1980's, David Clennon, Dianne Wiest, Drama, Falling in Love, Harvey Keitel, Jane Kaczmarek, Meryl Streep, Robert De Niro, Romance, Ulu Grosbard
Falling in Love
- Robert De Niro as Frank Raftis
- Meryl Streep as Molly Gilmore
- Jane Kaczmarek as Ann Raftis
- David Clennon as Brian Gilmore
- Harvey Keitel as Ed
- Dianne Wiest as Isabelle
A gentle and subtle romantic drama, Falling in Love scores points for the pairing of Robert De Niro and Meryl Streep. Yet it is often achingly slow and some of the dialogue is particularly trite. Goodness can be gleaned from the tentative story and some of it is darn effective in the emotional stakes, but I did expect a bit more from this film than it offered up.
While out shopping for Christmas presents for the respective families, New Yorkers Frank Raftis and Molly Gilmore meet accidentally and a result, their presents get switched. Both don’t think much of this first meeting as they are both happily married, so they continue with their work and families; Frank is an architect, while Molly is a graphic designer. On the train a few months after, they encounter each other again and strike up a conversation. They soon find that they have fun together, and from this point on they meet for friendly talks, often on the train or in a cosy bookshop. What neither Frank nor Molly intended or expected was that this friendship would soon evolve into feelings of love for the other. Even when they are apart, they can’t stop thinking of the other and their feelings only become more difficult to ignore. Although their relationship remains chaste, they have fallen deeply in love with each other unintentionally, which causes all matter of problems as both don’t know how best to deal with these pangs of romance without hurting anyone.
Director Ulu Grosbard manages to ring quite a bit of romance and bittersweet feeling from the largely predictable story, yet it can become a tad heavy-handed at times. He works best when setting up both Molly and Frank, having scenes mirror each other and give growing voice to the quickly growing infatuation. Which brings me on to the topic of the film’s execution, which is mainly one of subtle ruminations and underplayed pacing, that eventually drags in the attempts to be serious. I mean I am all for subtlety in movies, heck anyone who follows my blog will know that I am rather fond of subdued execution and natural delivery. But in Falling in Love, despite the fact that I really felt for both characters and their internal dilemmas, it was just a bit too subtle for its own good. For me, it needed something to pep it up a little and give it more power, instead of settling for the underplayed approach that became too slow. What Falling in Love does get right is a gentle emotion of uncertainty and trepidation for the main lovers, they are shown as ordinary people with complicated feelings, just like everyone else. Though the dialogue varied into clunky territory, the star power of De Niro and Streep helped make it somehow relatable and sincere. And the fact that their relationship remains one of deep love that can’t quite be fulfilled and is far from overly sexual was a bit of a refreshing break from the norm. While the slow and unraveling approach feels appropriate at first, it becomes laborious and then the film starts to feel hackneyed by clichés. The music provided was pleasing at first, but it felt just way to sweet and corny in moments that were supposed to be serious and romantic. I think I was just wanting a bit more from a film like this overall than what the full product emerged as, despite my liking of some of it.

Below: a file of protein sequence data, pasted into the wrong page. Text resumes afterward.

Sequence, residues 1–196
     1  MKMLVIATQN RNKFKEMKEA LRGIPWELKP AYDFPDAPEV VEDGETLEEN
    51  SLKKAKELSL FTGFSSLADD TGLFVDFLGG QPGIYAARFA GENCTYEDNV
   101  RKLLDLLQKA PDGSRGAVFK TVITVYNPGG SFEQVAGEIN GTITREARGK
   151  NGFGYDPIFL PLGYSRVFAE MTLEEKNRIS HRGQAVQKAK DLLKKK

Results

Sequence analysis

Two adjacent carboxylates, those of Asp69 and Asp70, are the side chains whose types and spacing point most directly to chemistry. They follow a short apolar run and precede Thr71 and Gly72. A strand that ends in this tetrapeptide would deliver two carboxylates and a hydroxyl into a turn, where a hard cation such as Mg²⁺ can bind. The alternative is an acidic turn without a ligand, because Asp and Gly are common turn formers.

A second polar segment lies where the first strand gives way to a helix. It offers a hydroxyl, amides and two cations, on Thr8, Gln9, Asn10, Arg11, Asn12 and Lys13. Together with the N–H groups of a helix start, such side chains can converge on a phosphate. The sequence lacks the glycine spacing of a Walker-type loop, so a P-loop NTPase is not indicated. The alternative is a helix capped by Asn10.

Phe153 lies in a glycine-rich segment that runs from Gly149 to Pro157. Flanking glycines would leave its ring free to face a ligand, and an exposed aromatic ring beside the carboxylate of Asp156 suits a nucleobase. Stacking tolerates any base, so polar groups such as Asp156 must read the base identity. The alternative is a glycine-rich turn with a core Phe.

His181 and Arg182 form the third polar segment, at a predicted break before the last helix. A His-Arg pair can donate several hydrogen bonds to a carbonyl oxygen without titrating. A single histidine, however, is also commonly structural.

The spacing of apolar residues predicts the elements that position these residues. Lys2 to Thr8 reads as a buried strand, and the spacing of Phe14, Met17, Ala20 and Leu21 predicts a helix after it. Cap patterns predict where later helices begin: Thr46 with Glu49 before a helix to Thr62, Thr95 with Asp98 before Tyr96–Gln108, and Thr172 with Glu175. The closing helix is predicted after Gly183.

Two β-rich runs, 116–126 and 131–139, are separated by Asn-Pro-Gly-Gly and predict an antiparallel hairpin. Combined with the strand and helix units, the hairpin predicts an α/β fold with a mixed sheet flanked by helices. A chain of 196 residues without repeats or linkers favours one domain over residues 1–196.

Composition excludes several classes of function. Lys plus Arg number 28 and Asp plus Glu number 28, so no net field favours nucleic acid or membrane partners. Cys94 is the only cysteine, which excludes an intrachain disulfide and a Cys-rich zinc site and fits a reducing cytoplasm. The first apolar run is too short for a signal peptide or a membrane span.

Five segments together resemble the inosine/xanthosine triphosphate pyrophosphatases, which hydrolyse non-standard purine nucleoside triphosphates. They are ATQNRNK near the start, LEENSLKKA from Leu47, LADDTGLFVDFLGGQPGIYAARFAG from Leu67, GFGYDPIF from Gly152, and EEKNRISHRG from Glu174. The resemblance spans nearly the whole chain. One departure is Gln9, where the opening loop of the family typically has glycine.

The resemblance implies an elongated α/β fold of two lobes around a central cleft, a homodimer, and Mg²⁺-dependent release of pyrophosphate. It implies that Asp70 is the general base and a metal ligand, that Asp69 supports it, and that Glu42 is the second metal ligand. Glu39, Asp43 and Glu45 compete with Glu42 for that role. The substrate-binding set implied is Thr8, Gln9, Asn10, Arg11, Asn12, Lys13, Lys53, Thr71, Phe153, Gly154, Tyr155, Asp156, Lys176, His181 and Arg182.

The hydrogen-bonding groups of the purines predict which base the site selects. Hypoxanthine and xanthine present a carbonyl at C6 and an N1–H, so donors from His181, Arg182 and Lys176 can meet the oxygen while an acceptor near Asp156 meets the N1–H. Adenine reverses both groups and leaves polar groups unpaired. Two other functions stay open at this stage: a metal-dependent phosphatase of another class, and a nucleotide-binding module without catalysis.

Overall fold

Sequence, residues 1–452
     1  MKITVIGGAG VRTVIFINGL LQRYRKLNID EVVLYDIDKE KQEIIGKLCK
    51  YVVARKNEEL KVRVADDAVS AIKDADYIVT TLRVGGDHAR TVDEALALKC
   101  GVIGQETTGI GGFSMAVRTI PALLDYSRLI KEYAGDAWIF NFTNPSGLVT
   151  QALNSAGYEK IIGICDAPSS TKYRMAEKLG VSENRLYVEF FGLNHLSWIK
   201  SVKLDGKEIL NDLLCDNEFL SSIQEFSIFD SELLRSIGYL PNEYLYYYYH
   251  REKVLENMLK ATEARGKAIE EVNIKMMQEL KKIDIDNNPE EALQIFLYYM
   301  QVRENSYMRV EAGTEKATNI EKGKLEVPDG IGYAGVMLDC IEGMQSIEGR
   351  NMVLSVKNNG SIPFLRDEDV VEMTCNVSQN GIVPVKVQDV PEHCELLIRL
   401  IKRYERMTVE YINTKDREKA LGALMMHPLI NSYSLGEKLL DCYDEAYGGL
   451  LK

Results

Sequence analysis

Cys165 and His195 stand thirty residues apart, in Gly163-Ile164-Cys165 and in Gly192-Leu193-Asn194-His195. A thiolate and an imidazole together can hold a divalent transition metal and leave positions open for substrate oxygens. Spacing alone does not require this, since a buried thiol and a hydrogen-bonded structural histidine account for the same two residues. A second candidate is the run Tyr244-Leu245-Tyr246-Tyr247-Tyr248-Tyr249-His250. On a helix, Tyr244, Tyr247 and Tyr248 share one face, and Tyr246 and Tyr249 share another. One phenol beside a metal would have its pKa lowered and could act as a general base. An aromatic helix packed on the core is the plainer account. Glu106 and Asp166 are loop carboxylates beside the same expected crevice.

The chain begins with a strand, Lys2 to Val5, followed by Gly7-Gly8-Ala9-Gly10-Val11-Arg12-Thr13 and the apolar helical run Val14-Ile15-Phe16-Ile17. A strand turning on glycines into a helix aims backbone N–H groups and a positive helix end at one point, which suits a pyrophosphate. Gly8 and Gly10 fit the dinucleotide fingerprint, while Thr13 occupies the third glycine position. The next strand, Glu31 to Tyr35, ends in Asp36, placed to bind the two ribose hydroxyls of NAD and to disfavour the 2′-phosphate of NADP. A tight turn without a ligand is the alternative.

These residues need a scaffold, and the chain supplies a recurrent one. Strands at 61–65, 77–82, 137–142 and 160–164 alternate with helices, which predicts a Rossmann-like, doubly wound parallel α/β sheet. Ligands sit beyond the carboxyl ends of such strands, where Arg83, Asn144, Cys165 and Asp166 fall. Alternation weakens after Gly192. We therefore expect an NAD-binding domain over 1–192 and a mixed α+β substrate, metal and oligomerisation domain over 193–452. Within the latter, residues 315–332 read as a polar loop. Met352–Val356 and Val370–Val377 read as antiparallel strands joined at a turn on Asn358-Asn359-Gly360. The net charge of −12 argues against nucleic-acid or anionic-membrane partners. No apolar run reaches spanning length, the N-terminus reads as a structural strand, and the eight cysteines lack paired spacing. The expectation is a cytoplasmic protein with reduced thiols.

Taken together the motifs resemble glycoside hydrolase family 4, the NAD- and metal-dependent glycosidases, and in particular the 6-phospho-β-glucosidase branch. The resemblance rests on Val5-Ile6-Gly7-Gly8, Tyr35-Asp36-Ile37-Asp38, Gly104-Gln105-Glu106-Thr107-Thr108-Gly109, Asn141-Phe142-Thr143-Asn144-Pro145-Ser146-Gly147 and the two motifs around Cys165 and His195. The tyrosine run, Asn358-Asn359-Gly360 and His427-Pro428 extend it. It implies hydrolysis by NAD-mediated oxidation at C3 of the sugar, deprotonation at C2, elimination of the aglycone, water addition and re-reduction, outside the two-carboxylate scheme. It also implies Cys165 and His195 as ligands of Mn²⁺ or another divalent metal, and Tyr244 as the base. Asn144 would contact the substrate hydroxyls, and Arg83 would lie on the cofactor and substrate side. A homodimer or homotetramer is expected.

If there is something that makes Falling in Love at least a film that registers on some level, it has to be the lovely performances from Robert De Niro and Meryl Streep. They both convince as everyday people, who are taken aback and more than a little surprised by an unexplainable attraction that could spell bad things for their lives. Robert De Niro dials it down to play Frank as a decent man with a sense of humour and quiet depth that is most befitting of the character. Meryl Streep matches him with a sincere charm, flashes of humour and undercurrent of disbelief in what transpires between the two. They truly work beautifully together; hinting at the feelings between the two that for the most part can’t be acted upon, but are palpable. And their chemistry more than makes up for the slight script, breathing pathos into the dialogue with their respective skills and acting abilities. If there is a redeeming quality to Falling in Love, it lies within the work of these immensely talented actors. Jane Kaczmarek is well served with the role of Frank’s wife, who senses that something is going on, though David Clennon is a might too bland as Molly’s husband. Harvey Keitel and Dianne Wiest do what they can with their supporting roles, though the main thing you’ll remember from Falling in Love is De Niro and Streep.
The two main actors in Falling in Love are the biggest reasons for watching it, as well as the feelings it emits, but the whole production just lacks that extra bit of power to raise it higher. At least, Robert De Niro and Meryl Streep work beautifully together and ensure you feel for them.